Early in the present century the method generally adopted for
polishing furniture was by rubbing with beeswax and turpentine
or with linseed−oil. That process, however, was never
considered to be very satisfactory, which fact probably led to
experiments being made for the discovery of an improvement.
The first intimation of success in this direction appeared in
the Mechanic's Magazine of November 22, 1823, and ran as
follows: "The Parisians have now introduced an entirely new mode
of polishing, which is called plaque, and is to wood precisely
what plating is to metal. The wood by some process is made
to resemble marble, and has all the beauty of that article with
much of its solidity. It is even asserted by persons who have
made trial of the new mode that water may be spilled upon it
without staining it." Such was the announcement of an
invention which was destined ultimately to become a new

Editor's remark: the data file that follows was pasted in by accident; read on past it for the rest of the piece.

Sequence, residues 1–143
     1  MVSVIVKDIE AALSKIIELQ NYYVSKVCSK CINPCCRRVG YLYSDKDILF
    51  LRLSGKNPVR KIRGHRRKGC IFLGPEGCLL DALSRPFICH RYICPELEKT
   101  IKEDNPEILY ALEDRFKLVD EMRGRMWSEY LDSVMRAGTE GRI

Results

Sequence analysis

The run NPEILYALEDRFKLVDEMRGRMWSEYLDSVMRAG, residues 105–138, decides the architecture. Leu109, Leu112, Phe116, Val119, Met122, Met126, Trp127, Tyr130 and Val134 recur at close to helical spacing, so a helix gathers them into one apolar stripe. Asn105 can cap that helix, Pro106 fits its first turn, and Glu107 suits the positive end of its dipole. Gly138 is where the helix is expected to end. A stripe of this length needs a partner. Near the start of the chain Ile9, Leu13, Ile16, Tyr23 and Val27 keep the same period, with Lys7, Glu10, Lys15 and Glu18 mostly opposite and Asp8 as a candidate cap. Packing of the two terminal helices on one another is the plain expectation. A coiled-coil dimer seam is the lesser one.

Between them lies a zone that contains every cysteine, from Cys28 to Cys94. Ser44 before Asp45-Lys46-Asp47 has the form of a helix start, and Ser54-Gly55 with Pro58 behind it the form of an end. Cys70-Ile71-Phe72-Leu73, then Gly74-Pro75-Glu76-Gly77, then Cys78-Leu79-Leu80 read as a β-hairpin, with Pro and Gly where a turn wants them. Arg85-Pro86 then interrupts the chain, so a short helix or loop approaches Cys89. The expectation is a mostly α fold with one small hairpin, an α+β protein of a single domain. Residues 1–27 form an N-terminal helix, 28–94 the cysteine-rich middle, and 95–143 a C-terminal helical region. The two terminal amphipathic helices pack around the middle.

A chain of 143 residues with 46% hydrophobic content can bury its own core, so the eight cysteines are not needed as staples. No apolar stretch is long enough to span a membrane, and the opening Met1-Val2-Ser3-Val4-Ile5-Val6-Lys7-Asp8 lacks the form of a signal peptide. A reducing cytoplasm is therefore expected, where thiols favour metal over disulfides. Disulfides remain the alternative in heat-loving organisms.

The following pages commence with a description of the art of
French Polishing in its earliest infancy, care having been taken
by the Author, to the best of his ability, to note all the new
processes and manipulations, as well as to concisely and
perspicuously arrange and describe the various materials
employed, not only for French polishing but for the improving
and preparation of furniture woods, a matter of great importance
to the polisher.
The arts of Staining and Imitating, whereby inferior woods are
made to resemble the most costly, are also fully treated, as
well as the processes of Enamelling, both in oil−varnishes and
French polish, together with the method of decorating the same.
The condition of the art of polishing in America is dwelt upon,
and various interesting articles written by practical polishers
in the States, which appeared in their trade journal, The
Cabinet−maker, have been revised and printed in this work.
A number of valuable recipes, and other instructive matter,
useful alike to the amateur and to the practical workman, are